At 8am on the dot, today’s driver, Janus, collects us from our hotel in Bled. Like his colleague two days earlier, he is impeccably dressed and his vehicle, a 7 seater Benz van, is immaculate. Within two hours he has delivered us to the Postojna Caves complex in the south-west corner of Slovenia. This is apparently one of the most significant set of limestone caves in this part of Europe, and despite some minor qualms about claustrophobia, we’re looking forward to the stop.
We swap our vouchers for tickets, slurp a quick coffee and join the queue behind the Union Jack for the 10am start. Around us, other nationalities are queuing behind their language sign. Within minutes we are being led into the underground transport hub of this huge complex. Maggie hires a coat – the caves are a constant 9 degrees, and we board a long, narrow gauge electric train, sitting in pairs on basic metal-framed seats. The train is sixty seats long and contains 120 passengers. Mary points out the sign that says, “No Selfies” and we accelerate away from the platform, disappearing into a tunnel so tiny, that we pull our heads low into our jackets. For 2 kms we rocket along passing a limestone wonderworld. Strobes flash, taking multiple images of us for purchase on our return.
After 10 minutes our little train pulls to a halt and our guides lead us on a 1 km walk through some of the most amazing caves and galleries we have ever seen. The system is so much bigger than the Jenolan Caves west of Sydney, and the infrastructure; paved paths, bridges AND the railway, is mind-boggling. Our walk takes an hour, including ten minutes for shopping at the underground gift shop, and then we’re whisked back to the surface where we bypass the photo opportunity and find Janus waiting.
We stop twice. Once to leave Slovenia and then to re-join Croatia, getting a passport stamp each time and we muse that if we lived in this part of the world, we’d soon fill up our passports with stamps.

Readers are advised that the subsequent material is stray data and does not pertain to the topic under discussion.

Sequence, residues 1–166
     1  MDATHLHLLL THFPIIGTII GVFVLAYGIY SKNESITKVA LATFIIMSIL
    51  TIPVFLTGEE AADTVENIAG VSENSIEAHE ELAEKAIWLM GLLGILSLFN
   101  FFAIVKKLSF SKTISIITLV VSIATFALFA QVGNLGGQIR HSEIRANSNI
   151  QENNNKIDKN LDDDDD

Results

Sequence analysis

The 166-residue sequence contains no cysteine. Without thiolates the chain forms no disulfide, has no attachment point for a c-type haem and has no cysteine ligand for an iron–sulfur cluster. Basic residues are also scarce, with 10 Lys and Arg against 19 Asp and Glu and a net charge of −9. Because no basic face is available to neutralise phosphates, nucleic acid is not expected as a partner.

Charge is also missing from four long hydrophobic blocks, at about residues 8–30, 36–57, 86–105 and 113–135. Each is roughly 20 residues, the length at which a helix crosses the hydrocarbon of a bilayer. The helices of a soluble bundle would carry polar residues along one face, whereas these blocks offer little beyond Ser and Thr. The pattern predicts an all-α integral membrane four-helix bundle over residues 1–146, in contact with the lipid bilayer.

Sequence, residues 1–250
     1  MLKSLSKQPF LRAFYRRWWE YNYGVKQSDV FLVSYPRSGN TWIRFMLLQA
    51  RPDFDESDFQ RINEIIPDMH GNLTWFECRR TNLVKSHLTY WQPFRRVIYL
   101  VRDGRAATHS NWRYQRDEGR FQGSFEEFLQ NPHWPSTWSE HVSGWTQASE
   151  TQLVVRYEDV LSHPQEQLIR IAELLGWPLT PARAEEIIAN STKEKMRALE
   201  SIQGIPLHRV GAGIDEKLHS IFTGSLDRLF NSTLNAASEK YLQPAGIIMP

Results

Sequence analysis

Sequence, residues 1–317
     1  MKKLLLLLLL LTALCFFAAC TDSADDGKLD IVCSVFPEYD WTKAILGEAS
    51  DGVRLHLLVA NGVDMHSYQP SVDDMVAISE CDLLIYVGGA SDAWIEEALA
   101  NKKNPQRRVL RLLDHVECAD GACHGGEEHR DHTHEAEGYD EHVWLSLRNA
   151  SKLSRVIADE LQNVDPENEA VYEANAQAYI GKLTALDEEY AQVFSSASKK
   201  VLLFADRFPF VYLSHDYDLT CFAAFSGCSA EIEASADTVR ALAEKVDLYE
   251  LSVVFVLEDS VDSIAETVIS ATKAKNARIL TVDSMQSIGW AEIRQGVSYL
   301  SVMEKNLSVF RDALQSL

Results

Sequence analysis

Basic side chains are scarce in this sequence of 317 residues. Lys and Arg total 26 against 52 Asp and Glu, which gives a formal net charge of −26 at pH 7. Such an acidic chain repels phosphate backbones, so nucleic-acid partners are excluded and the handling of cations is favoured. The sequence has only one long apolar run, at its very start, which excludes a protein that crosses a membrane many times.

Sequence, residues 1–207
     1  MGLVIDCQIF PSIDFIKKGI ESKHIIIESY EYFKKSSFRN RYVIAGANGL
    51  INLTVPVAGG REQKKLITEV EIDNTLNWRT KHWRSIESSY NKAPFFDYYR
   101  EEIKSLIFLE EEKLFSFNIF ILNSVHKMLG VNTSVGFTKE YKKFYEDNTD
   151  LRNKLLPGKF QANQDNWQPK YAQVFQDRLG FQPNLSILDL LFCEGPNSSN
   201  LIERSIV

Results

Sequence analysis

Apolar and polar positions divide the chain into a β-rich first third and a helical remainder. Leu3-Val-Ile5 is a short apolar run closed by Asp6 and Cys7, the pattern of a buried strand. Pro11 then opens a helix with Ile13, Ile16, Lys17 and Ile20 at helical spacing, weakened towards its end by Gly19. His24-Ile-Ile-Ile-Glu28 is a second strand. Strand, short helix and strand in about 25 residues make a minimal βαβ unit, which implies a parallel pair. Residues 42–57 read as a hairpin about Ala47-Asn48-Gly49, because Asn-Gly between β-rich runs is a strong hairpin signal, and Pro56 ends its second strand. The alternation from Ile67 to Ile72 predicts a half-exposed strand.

As the afternoon unfolds, we drive through an area still showing signs of the civil war. Buildings are pock-marked with bullet holes and there’s a railway station with a collapsed roof. This was the front-line in 1991 and even driving past the area has a heavy, depressing feeling.
Late afternoon we arrive at Plitvice Lakes. We drop our bags and hustle down to the ticket office at the entrance to Plitvice National Park. The park is in a dolomite valley and the series of lakes, surrounded by verdant native bush, offer walking tracks and boating pleasures.
We thake two short boat trips and walk for two hours, following the lakes as they step down a series of short waterfalls. On a clear, sunny day the lakes sparkle with turquoise waters, but although the afternoon is grey and overcast, it’s still a special place.
Next morning, we meet a new driver, Andre, in another nice Benz van, for our easy run down to Split. It should take us just 2½ hours, plus a stop at Trogir for a bit of self-guided sightseeing. But Mother Nature has her own plan for us today. Andre warns us there are high winds forecast and this may lead to a detour, but although it’s raining he’s not too concerned. We regain the main motorway and Andre pushes us along at 130kph. We pass through a tunnel, Croatia’s second longest, at 5.6kms, without the need to pay a toll (although of course the motorway is distance tolled). Once through the tunnel the wind picks up remarkably and the motorway signs flash with a speed warning of 80kph. Andre responds by bringing his speed down to 120kph and tells us that the bridge ahead is closed and “we will see….” An hour and a half after leaving Plitvice we run into the back of a tailback of stationary traffic and we pull into a conveniently placed service station and we drink coffee and eat strudel while we await developments.
We wait for an hour as the traffic on the motorway inches forward. The wind is so fierce that we struggle to stay upright as we leave the café. It is a seriously windy day. With a “nothing to lose” shrug we “van up” and it takes us 30 minutes to clear the jam in the carpark and eventually join the traffic. At 2.30pm, with the closed bridge visible just ahead of us, we limp down the hill and leave the motorway. The wind is so strong that the van is rocking dangerously. It’s like flying into Wellington on a really rough day, and yet we’re still on the ground. It’s 2.20pm and Andre remarks that by now he should be on his way home from Split but we’re not yet halfway. Another hour on a single-lane road and we rejoin the motorway and again, Andre winds the van up to 140kph. We have now given up any thought of visiting Trogir and look forward to arriving at Split.
Which we finally do, nearly nine hours after leaving Plitvice.
It’s raining slightly in Split and getting dark as we drag our bags though the slippery marble streets of the old town. From what we can see Spilt old town is charming, but again we’re tired and hungry and we grab a early dinner as thunder rolls overhead.
But now we’re on the catamaran leaving Split for Dubrovnik. We’ll be back in Split in 10 days and will have time to explore properly then. On the way to Dubrovnik today the ferry stop at a number of the islands on the way that we’ll visit on our return island-hop next week. And if Mother Nature plays the game today, we’ll be in Dubrovnik for a late lunch.